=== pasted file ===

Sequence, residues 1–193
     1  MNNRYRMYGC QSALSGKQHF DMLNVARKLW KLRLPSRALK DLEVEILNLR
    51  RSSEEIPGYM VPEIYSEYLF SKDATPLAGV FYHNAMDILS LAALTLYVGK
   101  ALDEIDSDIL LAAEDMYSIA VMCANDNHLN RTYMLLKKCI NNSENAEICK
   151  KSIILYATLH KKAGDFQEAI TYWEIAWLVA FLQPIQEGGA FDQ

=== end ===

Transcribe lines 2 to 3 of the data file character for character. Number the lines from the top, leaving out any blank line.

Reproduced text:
     1  MNNRYRMYGC QSALSGKQHF DMLNVARKLW KLRLPSRALK DLEVEILNLR
    51  RSSEEIPGYM VPEIYSEYLF SKDATPLAGV FYHNAMDILS LAALTLYVGK